PI: Peter Pressman, MD, COMIRB# 19-2727

Frequently Asked Questions about the SESAD study:


Am I/is my loved one guaranteed to get the drug/treatment while in the research study?

There is no guarantee to get the drug/treatment while in the research study. However, two-thirds, or 66%, of the participants will receive the study drug, sargramostim, daily via injection. This means that one-third, or 33% of participants will receive a placebo. A placebo is a pill or a liquid given as an injection that looks like medicine but is not a drug. It will have no medical effect on the person that receives it.

How long does the research study last?

This research study is approximately nine and a half months long from start to finish for each participant with a rolling open enrollment of participants over the next several years. This timeline includes around two months to complete the screening process to make sure you are eligible, six months in the treatment phase, and one and a half months for follow-up. It is important that you be able and willing to participate in the entire 9.5-month trial timeframe to measure the impact of your participation.

Can I/we go on vacation while participating in the research study?

You and your study partner need to be available for the appointments that occur during the study period, whether the weekly at-home visits or the occasional visit that takes place at the CU Anschutz Medical Campus. Brief vacations around that schedule can be accommodated if the participant can continue to receive the daily injections and regular safety blood tests.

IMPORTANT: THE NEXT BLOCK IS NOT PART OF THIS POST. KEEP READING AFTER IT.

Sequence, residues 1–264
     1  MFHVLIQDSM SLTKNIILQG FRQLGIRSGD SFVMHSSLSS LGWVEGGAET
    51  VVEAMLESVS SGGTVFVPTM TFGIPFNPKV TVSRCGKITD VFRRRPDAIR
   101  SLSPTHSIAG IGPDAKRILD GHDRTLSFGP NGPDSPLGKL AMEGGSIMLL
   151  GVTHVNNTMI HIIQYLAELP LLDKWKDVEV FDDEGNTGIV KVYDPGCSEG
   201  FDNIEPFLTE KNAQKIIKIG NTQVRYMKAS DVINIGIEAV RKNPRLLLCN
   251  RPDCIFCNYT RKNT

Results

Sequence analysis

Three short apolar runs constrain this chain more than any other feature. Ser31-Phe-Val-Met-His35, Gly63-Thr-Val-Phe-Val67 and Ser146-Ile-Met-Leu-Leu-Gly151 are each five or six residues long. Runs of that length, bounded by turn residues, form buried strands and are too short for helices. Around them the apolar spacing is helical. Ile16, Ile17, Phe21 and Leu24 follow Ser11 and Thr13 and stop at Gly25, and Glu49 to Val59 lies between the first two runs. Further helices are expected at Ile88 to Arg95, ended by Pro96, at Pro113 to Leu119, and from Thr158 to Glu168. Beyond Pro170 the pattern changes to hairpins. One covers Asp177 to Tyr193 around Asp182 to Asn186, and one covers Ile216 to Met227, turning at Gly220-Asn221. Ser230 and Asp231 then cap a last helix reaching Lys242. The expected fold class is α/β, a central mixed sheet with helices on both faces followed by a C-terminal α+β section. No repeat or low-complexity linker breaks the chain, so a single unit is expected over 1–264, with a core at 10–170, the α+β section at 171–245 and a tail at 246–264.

If the drug is FDA approved, why do you need to do another research study?

We care about your health and safety. Sargramostim is safe and has been approved for over 30 years as a treatment for people who have finished chemotherapy and need to boost their innate immune system. It has not been approved to treat Alzheimer’s disease. We need to conduct this research study to see if the study drug is safe and effective for people with Alzheimer’s disease following an earlier trial that suggested some possible benefit.

Is there an opportunity to continue to receive the drug after my participation or at the end of this research study?

At this time, there is not an option to continue taking the drug after the research study is completed since it is a Phase II trial. The drug would only become available if, and when, the drug is approved by the FDA for use in individuals with Alzheimer’s disease. Learn more about clinical trials here.

If I participate, do I have to come to the CU Anschutz Medical campus every week?